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Scott K. Johnson-December 9, 2020 at 9:05 PM UTC
To some extent, all modern lithium-ion batteries are a compromise. The original concept is a "lithium metal" battery, which can hold more energy in the same volume. There is only one small problem: they always self-destruct. But this week, a closely watched battery technology company announced that it believes it has solved the problem. If the content displayed by the company is accurate, it will be a big deal.
First, a brief introduction. Lithium batteries transport lithium ions from the cathode to the anode during the charging process, and collect energy when the ions return to their original position in the cathode material. This requires a separator in the middle that only allows lithium ions to pass through, and a conductive electrolyte. In lithium metal batteries, the shuttle lithium ions only form pure metal lithium on the anode side. But lithium tends to form branched needle-like structures called dendrites, which can pierce the cathode and cause a short circuit in the battery. Since the liquid electrolyte used in these batteries is flammable, bad things can happen when they are short-circuited.
The solution is to use graphite anodes. The ordered structure of graphite provides a good lodging place for lithium ions, which can be safely accommodated in the room during the charging process. This greatly reduces the risk of dendrite formation. But this kind of graphite can occupy nearly half of the battery's volume without adding additional energy storage. This allows the battery to work safely, but will reduce its performance.
One strategy for improving lithium-ion batteries is to create a solid electrolyte material. This is attractive because it replaces the flammable components of the battery, and because it can reduce unwanted chemical reactions between the electrolyte and other battery materials, which can cause degradation over time. QuantumScape has been studying solid electrolytes for about ten years after the project was spun off from Stanford Laboratories and received some funding from the US Department of Energy. (Although the company started to adopt a different technology that was unsuccessful.) But in addition to these benefits, QuantumScape said its solid electrolyte material can also prevent dendrite formation.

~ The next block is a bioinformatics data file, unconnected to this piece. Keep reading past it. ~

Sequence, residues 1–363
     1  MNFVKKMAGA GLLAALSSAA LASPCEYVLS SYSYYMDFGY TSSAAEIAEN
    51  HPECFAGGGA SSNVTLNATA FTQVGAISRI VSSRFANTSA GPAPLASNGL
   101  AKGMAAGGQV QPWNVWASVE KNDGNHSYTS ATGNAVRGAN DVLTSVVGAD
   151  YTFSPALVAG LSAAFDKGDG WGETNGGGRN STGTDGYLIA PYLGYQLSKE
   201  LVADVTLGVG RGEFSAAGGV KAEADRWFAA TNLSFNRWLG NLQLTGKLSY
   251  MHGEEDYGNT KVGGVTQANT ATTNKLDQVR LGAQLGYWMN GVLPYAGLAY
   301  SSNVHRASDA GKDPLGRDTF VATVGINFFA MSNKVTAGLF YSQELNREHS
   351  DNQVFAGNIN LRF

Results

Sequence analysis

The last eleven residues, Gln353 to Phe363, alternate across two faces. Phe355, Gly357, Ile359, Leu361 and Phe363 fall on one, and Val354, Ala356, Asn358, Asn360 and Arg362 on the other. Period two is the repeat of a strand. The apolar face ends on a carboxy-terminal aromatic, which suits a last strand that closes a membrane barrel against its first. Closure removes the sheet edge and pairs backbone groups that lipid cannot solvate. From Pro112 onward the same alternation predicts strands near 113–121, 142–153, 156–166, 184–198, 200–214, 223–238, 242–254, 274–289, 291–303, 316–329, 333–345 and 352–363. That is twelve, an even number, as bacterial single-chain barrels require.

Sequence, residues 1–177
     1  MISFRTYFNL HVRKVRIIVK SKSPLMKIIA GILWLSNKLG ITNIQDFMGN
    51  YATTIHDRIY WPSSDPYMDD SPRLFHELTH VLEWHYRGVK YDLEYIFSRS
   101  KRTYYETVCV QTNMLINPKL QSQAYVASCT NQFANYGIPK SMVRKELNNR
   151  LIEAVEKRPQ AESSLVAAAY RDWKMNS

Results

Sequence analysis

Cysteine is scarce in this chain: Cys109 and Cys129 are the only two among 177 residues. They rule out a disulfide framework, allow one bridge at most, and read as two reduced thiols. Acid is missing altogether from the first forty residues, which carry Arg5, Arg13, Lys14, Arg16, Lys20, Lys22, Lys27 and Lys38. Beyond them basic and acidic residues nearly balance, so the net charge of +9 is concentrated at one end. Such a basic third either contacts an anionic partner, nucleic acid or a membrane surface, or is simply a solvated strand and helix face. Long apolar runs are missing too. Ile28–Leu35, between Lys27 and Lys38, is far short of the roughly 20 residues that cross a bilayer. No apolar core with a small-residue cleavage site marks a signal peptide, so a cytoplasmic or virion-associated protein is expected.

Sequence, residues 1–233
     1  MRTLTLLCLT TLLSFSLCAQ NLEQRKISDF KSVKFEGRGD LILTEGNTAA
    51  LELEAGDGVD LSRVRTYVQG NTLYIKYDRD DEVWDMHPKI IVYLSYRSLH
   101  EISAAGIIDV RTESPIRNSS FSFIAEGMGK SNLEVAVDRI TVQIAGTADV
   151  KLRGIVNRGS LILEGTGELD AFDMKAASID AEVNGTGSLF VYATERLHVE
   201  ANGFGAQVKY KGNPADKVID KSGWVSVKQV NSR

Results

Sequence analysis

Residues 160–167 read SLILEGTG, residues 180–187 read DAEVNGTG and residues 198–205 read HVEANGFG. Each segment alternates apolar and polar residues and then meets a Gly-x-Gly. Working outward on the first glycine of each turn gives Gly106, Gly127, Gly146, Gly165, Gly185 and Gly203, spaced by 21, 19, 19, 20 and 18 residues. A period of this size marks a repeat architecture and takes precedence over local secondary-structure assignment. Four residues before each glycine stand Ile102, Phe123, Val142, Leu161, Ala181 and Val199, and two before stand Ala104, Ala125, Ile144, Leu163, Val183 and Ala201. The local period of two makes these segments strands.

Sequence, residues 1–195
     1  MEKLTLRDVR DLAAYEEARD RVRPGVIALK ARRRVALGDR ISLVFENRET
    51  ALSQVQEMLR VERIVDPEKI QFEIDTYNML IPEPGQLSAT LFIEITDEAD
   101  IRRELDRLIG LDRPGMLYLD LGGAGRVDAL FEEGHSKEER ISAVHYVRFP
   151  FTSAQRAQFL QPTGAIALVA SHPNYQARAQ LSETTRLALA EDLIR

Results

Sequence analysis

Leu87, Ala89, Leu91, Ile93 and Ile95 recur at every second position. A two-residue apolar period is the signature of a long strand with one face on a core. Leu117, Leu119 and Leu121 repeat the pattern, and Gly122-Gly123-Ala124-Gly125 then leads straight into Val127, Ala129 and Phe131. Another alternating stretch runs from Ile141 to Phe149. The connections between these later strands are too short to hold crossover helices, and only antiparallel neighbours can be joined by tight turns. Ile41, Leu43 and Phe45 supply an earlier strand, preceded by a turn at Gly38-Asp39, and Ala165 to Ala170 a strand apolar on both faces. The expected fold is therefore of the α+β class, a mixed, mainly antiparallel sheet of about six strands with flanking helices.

In press releases and video calls, QuantumScape demonstrated the batteries it made and provided a lot of test data. There is an obvious warning that the test has not been independently verified, which is enough to allow any battery nerd's eyebrows to escape the forehead.
The test cells are not exactly what the final product looks like (more on that later), but they are complete cells. They are pouch batteries with a single-piece cathode layer, solid electrolyte layer, and anode contact foil. They did not describe the cathode, but judging from the answer to the later question, it is likely to be a nickel-manganese-cobalt cathode material-currently the most common material for electric vehicles. However, the solid electrolyte should be suitable for any type of cathode.
During the charging process, lithium ions leave the positive electrode material, pass through the solid electrolyte layer, and are plated on the negative electrode foil to form pure lithium. This does cause the thickness of the battery to expand slightly during charging, but QuantumScape says this behavior is easy to adapt because it only expands in one direction. Some attempts of lithium metal batteries require adding a layer of lithium on the anode side for better stability, but this type of battery also skips this cheating.